Outside my window is a winter wonderland. For the fourth time in eight days, it snowed today. Total accumulation in that timeframe: about 28 inches. There are no rants about this in my house: here, we understand that winter in New Hampshire historically, consistently and inevitably brings snow.
Come April, just a hint of one tiny flake dancing its way toward the ground will send me running straight to the Bahamas in a wild fit of lunacy, the final stages of cabin fever long having well set in by then. But for now, despite all the shoveling, I’m enjoying this soft, chilly, white-hot landscape set against this afternoon’s backdrop of brilliant blue sky.
Snowy days evoke memories in all of us. Soon as the white stuff begins to pile up, my brain plays a slideshow of images it’s collected through the years of similar days… fresh, yummy snapshots of thick, wooly mittens with matching scarves, lightning-fast toboggans speeding down the hill beside our house, mugs of Swiss Miss piled high with heaps of marshmallow, and Shelby Scott on the television.
Ah… I see you’re not from New England. Who, you ask, is Shelby Scott?
This little powerhouse of a woman began her career at a Boston-based television station in the early sixties, reporting stories on the evening news. By the mid seventies, she moved to the front desk as one of the first woman anchors in the country and remained there for over decade. Shelby’s pioneering journalism career is certainly distinguishing, but my generation of New Englanders treasured the live weather reports she provided throughout the nineties before leaving the station.
Long before Doppler radar, Boston TV viewers would know how bad the weather was about to get when it was announced that Shelby Scott was ‘heading out to the scene.’ I used to imagine her sitting in that studio, warm and dry, when suddenly someone would strap on a down parka, shove her into a news van and drive like the wind to wherever the wind was blowing. Moments later there she was, in front of the highway or high tide, hanging onto something against all odds while the harsh wind threatened to blow her away in front of our very eyes, covered in whatever weather hell was falling, holding onto that microphone and shouting, ‘It’s really snowing (or raining or windy) out here!’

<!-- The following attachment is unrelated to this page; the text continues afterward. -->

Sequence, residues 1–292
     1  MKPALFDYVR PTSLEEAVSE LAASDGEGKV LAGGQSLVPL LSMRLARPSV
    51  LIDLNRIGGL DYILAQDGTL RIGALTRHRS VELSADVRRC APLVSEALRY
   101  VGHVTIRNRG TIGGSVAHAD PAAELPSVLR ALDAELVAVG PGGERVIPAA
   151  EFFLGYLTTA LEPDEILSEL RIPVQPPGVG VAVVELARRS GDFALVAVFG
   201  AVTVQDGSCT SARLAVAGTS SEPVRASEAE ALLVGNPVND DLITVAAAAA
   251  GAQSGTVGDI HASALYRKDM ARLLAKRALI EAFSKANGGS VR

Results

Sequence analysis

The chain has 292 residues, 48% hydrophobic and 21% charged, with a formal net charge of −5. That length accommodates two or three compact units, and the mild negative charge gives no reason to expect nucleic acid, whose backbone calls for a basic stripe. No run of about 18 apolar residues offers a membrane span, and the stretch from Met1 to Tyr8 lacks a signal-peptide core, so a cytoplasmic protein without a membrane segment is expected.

We never considered Shelby’s reports timely or newsworthy, only because that same weather was often falling outside our own window the very moment her report was broadcasted. But we loved those reports and – mostly – her gusto. Every time we watched her, someone in the room would be yelling, hang on, Shelby!
It was these broadcasts that made Shelby Scott a New England legend. So much so that, one year, the Boston Globe newspaper measured snowfall against her height, referring to the total accumulation in Shelbys.
I often think if she were still offering up those delicious reports, Shelby would be riddled with requests for sponsorships from L.L. Bean and other companies that manufacture winter clothing. Maybe some Boston-based software company would even create an X-Box game based on her, where Shelby’s parka-donned avatar stands in storm bracing the elements, desperately grasping a lamppost in fear, and you are Father Winter incarnate, armed with heavy winds, blinding snow and blowing debris of varying sizes, with the ghastly goal of toppling her (you’ll have to work hard, though: in real life, Shelby would never let go).
Shelby Scott is as New England as Rex Trailer and Zarex. (You won’t know about them if you’re not from here either, but that’s for another time…) If there is a New England News Museum, they should retire that trusty red wool cap of hers, much like they did Schilling’s bloody sock. Both are Boston staples.
Even after her retirement in the late nineties, they would sometimes bring Shelby back if a large storm were a-coming. But she’s not been reporting for a long time now: these days, news stories of blizzards and hurricanes simply aren’t the same without her. Maybe she’s just waiting for the big one. Who knows.
I miss you Shelby. Wherever you are, I sure hope it’s someplace warm and dry.